Austrian Dream Weaver

Print
Print
Share This Page
Increase Text Size Text Reset Decrease Text Size

Franka Lechner's Tapestries, Paintings Invite Meditation, Contemplation

French novelist Honoré de Balzac famously wrote: “What is art? Nature concentrated.” And for art lovers who care to see that principle applied, there’s a perfect opportunity waiting at the Austrian Embassy.

The current exhibit, “Franka Lechner: Tapestries and Works on Paper,” can transport viewers to an autumn afternoon, a scarlet summer day or a dark blue night. Austrian textile artist, painter and poet Franka Lechner is the curator for her own show, which covers the walls of the embassy’s huge ballroom-like space with color-drenched abstract works that invite viewers to meditate and contemplate. Lechner believes that abstract art has its own special language, and in the case of her tapestries and paintings it seems to be saying, “Slow down. Calm down. You are in nature.”

Lechner, who was born in Vienna in 1944, describes the art of weaving as an energetic, structured and structuring process in which “time plays a considerable role, not merely in the actual activity but in the artist’s awareness.”

“The slowness of weaving,” she said, “seems like an anachronism in our rapidly foreshortening times, but in my view, this choice also represents an opportunity to gain greater inner strength, which in turn generates more energy for work. The severe, rhythmic craft of weaving offers a focus that is meditative in character and also produces a similar effect.”

Lechner’s mother was an ethnologist who eventually became director of the Ethnology Museum in Vienna. As a child, Lechner visited the museum many times, developing a particular fascination with artifacts from Peru and other South American countries. That fascination is readily apparent in her work, particularly the tapestries, which appear as if they could’ve been created by indigenous peoples. It takes Lechner about two months to weave a two square-meter tapestry on a loom that is three meters wide. The vertical yarn in the tapestry is cotton, which is woven with wool. Yarns are specially spun and chemical dyes are specially mixed for her pieces. Every element of the tapestry “passes through my hands,” she explained in an interview during the exhibit’s opening night.

For the Austrian Embassy show, she has chosen predominantly red pieces and other works that feature pink, orange and purple. These powerful hues evoke an autumn mood as well as a feeling of passion and strength. Lechner observed that color is energy, and she wanted colors for the embassy exhibit to “harmonize,” noting that red, although energetic and potent, can also be very contemplative. Her only departure from so much warmth was to place in an extreme corner of the exhibit space a triptych of stunning dark blue paintings that evoke the serenity of an inky blue night. “To me it is very important that there is a balance of quietness, contemplation and energy,” she said.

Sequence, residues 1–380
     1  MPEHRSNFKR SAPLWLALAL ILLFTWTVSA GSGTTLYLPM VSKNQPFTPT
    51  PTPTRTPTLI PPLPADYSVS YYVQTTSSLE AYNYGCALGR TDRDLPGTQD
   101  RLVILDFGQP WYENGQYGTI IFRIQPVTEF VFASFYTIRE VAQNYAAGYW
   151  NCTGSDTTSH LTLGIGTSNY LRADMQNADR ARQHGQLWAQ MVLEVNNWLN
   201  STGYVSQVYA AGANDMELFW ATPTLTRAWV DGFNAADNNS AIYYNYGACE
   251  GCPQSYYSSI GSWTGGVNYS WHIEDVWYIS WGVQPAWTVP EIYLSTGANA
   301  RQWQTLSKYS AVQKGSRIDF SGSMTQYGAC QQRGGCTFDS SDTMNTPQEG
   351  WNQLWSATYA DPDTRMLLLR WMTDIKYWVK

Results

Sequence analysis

Lechner was careful to explain that her tapestries are their own unique artistic creations and not an imitation of a painting—although each does begin with its own sketch. Indeed, if she weaves two tapestries from the same sketch, they might wind up looking very different from each other.

In addition to their meditative qualities, Lechner also believes her tapestries are musical. When asked to expand on that theme, she revealed that her life partner is Austrian composer and conductor H.K. Gruber, whom she met at one of her exhibitions. “It’s good when two different types of artists come together and respect each other,” said Lechner, who explained that the mixture of colors in the fibers of her tapestries reminds her of the mixture of tunes in the ear.

The mixed media pieces in the exhibit are equally as captivating as the tapestries. According to Lechner, each one begins with a collage and is then overworked with watercolor, pencil or acrylic. Much layering occurs and the creative process, like that for the tapestries, is a long one. These paintings also have the visual effect of being woven, complementing the tapestries.

In many of the mixed media pieces, Lechner used pages from a book written by her grandfather. She felt this ingredient added a “voyage of time” aspect to the paintings. Regrettably, Lechner didn’t retain copies of all the pages she used, but her grandfather’s writing has been preserved for posterity nonetheless—if only through beautiful collage.

Franka Lechner: Tapestries and Works on Paper through Sept. 21 Cultural Forum of the Austrian Embassy 3524 International Court, NW For more information, please call (202) 895-6714 or visit www.acfdc.org.

About the Author

Rachel Ray is a freelance writer in Washington, D.C.

Last Edited on November 29, 1999